We call them satnavs, Americans call them GPS. Here is an imagined transcript of part of a recent GPS session in the USA:
At the crossroads in 50 yards go ahead and go straight ahead. At the next junction go ahead and turn right. You have reached your destination so go ahead and stop the car.
One Youtube instructional was so awful - the guy went ahead in literally every sentence he uttered, that even his fellow Americans made negative comments about it. What is its purpose? Which imbecile started it?
What is this? It's a very weird way of saying 'contact' or 'get in touch' which I really don't understand. Recently I visited a local
pub with two others for an early dinner on our way to a concert. I had to visit the toilet before we left, and was repulsed by what must
have been the most loathsome and filthy stinking toilet ever seen in the history of the world. Dirt everywhere, urine on the floor, used
paper towels all over the floor around the long unemptied rubbish bin. I went online and recorded my findings on a review site, and a day
or two later received an email alerting me to the fact that a reply had been posted. It was the pub manager inviting me to reach out to him
on the phone. Reach out? Why not just ask me to phone him? I invite him to reach out and get some disinfectant off that top shelf.
There's a big company, manufacturer of certain electronic equipment. They have a busy online forum. It seems that every time somebody posts something about a difficulty or problem with the equipment, the first response is usually a comment from a representative of the manufacturer thanking the poster for reaching out. Further, if there's a major problem with the equipment, the poster is invited to reach out to their support personnel. Reach out?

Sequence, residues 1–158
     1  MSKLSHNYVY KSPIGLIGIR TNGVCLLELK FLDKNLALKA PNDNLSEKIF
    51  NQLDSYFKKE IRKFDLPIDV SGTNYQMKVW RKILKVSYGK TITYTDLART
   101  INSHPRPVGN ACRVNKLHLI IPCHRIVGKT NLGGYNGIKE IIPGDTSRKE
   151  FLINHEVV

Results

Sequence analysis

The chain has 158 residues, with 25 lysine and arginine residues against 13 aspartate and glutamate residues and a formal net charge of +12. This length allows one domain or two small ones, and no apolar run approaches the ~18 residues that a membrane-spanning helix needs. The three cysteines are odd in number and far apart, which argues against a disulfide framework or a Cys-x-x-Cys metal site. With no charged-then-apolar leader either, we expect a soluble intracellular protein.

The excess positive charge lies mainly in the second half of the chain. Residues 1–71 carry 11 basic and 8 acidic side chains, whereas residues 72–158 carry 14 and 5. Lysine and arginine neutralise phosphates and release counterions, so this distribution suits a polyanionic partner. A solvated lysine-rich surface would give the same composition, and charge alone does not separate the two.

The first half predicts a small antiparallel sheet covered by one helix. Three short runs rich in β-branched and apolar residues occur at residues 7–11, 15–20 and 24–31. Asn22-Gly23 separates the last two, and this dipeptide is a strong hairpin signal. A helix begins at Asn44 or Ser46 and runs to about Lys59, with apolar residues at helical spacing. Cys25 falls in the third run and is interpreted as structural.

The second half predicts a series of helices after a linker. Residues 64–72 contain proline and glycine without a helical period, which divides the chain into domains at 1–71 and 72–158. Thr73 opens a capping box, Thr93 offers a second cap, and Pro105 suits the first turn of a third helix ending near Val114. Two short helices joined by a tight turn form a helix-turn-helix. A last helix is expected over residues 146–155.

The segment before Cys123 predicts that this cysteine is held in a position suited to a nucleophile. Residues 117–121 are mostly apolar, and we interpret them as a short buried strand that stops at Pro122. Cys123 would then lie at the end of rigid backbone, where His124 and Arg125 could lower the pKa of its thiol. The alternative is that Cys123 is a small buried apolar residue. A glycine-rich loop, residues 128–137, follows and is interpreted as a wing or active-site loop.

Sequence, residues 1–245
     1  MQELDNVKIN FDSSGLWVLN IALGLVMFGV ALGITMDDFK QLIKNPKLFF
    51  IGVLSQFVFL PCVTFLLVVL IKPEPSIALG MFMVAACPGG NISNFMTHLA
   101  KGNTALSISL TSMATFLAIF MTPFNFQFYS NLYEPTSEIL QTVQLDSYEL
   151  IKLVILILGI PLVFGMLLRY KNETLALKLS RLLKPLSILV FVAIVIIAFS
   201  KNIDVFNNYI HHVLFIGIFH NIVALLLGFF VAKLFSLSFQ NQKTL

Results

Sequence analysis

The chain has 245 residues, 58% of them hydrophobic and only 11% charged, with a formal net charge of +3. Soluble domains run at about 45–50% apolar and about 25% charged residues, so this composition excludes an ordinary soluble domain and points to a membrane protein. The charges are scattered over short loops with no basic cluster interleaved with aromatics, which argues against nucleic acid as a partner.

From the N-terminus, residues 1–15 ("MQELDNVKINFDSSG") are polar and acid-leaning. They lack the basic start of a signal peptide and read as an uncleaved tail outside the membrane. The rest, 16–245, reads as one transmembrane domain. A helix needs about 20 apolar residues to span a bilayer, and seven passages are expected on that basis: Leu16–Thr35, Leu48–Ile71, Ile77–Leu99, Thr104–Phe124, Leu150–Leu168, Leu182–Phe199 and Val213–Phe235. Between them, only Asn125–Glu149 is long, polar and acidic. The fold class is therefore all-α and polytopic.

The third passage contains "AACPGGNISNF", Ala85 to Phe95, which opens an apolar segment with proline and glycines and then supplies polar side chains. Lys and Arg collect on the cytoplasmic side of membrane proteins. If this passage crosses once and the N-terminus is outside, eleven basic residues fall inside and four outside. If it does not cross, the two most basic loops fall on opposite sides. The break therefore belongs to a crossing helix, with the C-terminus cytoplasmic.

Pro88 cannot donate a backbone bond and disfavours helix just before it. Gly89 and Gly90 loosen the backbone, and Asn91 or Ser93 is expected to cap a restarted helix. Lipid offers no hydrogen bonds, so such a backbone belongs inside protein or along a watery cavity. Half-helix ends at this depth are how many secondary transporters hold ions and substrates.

I always thought that to reach out was to stretch or move one's body in order to retrieve something, like a pen on the other side of the desk. Why has it become a synonym for contacting? Very silly indeed.
I'm from a place called Newbury, in the central south of England. I am not out of Newbury. Regrettably I need to point another
finger at our friends from the land of the strange orange man for this, though it seems to be arriving on our shores now. Watch any
American feature film and you're bound to hear about a scientist out of Houston or about somebody's father who is out of Alabama.
On a TV programme called University Challenge, two teams from different UK universities compete in a tough quiz. At the beginning, contestants introduce themselves. This is an edited version (Names and places changed) of what I heard this week:
Hi, I'm Jason from Manchester
Hi, I'm Marie from Bournemouth
Hello, My name is Charlie and I'm from Reading
Hi, I'm Chuck out of Queens, NYC